A Chalmers University (Sweden) research group lead by Fredrik Höök has applied Surface-Enhanced Ellipsometric Contrast (SEEC) microscopy for time-resolved, label-free visualization of biomolecular recognition events on spatially heterogeneous, supported lipid bilayers (SLB).
Biomolecular binding events were monitored with a lateral resolution near the optical diffraction limit at an acquisition rate of ~1 Hz with a sensitivity in terms of surface coverage of ~1 ng/cm². Despite the signifcant improvement in spatial resolution compared to alternative label-free surface-based imaging technologies, the sensitivity remains competitive with surface plasmon resonance (SPR) imaging and imaging ellipsometry.
The potential of the technique to discriminate local differences in protein binding kinetics as well as its compatibility with microfluidic devices was demonstrated by time-resolved imaging of anti-GalCer antibodies binding to phase-separated lipid bilayers consisting of phosphatidylcholine (POPC, bright area) fluidic phase and galactosylceramide (GalCer, dark area) gel phase.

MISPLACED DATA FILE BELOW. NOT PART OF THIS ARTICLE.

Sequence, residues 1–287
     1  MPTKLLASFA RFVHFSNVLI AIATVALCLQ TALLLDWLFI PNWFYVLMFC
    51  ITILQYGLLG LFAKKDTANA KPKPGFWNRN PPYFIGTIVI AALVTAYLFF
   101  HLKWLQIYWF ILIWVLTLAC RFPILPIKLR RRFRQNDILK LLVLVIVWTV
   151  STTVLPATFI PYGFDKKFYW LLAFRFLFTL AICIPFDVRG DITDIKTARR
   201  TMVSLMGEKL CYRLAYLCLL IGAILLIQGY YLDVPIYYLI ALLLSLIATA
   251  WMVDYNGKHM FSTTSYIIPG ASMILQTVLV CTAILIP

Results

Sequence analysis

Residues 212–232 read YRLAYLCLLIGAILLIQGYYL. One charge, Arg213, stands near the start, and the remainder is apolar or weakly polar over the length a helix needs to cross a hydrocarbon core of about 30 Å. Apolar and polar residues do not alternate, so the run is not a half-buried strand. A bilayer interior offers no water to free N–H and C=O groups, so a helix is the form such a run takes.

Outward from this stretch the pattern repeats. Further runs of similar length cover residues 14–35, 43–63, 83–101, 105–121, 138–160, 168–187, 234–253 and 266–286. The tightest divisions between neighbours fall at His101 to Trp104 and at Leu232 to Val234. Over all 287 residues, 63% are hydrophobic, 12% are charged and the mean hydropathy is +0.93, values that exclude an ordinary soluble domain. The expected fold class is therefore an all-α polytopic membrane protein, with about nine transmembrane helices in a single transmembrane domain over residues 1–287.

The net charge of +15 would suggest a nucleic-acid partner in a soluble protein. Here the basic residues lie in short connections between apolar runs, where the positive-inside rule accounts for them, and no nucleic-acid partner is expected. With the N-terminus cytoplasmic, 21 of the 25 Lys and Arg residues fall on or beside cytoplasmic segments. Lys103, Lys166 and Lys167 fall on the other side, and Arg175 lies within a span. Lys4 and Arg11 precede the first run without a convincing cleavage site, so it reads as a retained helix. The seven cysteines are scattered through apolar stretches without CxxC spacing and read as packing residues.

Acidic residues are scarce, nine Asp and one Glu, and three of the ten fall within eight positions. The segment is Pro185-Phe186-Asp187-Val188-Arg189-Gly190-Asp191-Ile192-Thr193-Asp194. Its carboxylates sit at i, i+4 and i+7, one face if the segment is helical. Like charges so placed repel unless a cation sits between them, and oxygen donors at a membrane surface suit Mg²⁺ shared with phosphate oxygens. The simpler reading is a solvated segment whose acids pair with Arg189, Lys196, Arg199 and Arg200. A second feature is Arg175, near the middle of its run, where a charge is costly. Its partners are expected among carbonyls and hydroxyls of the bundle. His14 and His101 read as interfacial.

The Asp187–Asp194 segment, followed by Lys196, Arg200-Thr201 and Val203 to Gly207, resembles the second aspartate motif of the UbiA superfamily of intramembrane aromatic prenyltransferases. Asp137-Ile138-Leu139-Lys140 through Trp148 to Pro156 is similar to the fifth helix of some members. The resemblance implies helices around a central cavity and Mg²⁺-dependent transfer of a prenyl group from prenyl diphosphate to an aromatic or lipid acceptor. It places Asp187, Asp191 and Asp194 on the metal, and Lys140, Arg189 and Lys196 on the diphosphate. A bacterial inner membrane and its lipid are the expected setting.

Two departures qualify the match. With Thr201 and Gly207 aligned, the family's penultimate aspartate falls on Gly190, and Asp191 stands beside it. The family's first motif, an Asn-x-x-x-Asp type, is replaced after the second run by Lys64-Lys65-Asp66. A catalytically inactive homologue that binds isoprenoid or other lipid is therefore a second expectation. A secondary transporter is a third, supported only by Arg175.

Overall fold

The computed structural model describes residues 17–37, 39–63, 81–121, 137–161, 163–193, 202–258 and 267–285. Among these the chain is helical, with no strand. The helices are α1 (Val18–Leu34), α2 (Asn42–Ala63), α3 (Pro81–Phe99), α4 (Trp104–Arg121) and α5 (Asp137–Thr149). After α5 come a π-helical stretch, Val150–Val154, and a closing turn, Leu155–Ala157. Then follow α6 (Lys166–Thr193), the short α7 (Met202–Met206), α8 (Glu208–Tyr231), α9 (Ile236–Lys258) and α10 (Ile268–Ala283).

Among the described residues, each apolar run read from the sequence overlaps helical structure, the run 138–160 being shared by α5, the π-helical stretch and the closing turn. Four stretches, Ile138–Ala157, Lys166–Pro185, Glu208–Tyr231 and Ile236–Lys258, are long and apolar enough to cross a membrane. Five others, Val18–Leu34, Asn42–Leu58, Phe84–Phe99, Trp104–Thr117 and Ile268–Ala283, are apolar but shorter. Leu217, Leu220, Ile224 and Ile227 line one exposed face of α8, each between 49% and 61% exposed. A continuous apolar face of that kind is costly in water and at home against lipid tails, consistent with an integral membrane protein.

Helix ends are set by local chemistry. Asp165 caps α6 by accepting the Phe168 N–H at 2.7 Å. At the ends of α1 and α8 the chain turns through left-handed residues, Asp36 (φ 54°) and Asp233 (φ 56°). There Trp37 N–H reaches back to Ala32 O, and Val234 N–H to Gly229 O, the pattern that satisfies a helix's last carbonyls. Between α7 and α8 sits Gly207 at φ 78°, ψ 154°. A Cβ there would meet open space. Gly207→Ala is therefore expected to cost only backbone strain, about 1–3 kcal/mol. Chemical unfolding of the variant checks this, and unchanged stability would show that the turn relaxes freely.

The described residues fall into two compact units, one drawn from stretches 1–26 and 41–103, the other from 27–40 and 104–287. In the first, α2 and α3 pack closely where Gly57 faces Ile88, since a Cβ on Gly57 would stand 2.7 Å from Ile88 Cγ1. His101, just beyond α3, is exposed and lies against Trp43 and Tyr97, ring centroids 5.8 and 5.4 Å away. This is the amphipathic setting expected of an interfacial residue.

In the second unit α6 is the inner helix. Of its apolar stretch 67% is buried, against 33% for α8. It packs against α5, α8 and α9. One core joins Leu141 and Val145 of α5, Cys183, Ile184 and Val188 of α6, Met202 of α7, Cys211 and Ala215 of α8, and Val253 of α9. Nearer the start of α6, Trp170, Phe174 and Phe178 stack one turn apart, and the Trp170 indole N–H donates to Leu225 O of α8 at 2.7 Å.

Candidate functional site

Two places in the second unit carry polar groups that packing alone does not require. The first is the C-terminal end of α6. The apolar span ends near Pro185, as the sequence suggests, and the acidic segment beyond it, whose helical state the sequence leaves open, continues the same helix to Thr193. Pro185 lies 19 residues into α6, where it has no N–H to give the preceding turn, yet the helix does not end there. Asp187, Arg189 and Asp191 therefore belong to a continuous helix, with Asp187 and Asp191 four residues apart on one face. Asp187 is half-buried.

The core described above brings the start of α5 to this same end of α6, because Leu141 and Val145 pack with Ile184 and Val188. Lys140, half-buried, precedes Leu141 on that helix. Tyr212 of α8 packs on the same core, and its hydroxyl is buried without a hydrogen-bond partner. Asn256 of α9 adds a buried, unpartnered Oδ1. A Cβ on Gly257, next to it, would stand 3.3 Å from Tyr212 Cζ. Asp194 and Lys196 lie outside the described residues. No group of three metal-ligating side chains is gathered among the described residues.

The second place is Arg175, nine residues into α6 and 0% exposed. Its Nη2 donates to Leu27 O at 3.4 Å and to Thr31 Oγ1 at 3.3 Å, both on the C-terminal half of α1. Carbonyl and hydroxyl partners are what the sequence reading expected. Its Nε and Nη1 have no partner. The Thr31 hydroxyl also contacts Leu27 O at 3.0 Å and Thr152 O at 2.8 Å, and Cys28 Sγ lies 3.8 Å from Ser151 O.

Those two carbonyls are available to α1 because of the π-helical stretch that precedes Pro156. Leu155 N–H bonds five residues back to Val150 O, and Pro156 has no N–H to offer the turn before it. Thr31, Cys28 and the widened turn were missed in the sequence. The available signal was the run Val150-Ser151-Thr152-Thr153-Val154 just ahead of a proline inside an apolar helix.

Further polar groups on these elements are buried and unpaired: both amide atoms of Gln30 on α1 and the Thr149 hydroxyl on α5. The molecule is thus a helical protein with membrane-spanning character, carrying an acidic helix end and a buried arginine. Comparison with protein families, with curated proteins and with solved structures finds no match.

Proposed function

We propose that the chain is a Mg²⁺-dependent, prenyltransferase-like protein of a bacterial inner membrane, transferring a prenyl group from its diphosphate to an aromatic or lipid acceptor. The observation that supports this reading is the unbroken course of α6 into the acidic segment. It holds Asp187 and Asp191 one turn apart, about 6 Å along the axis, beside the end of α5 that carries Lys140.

This feat was made possible thanks to T-Surfs from Nanolane, innovative contrast-enhancing slides specially designed for nanometric characterization with a conventional inverted reflected light microscope, which are intended to help study biological samples, biofilms, organic layers in liquid or in air. In addition, they are compatible with most of the current nano-analytical devices and instruments (microfluidics, Fluorescence, AFM,...).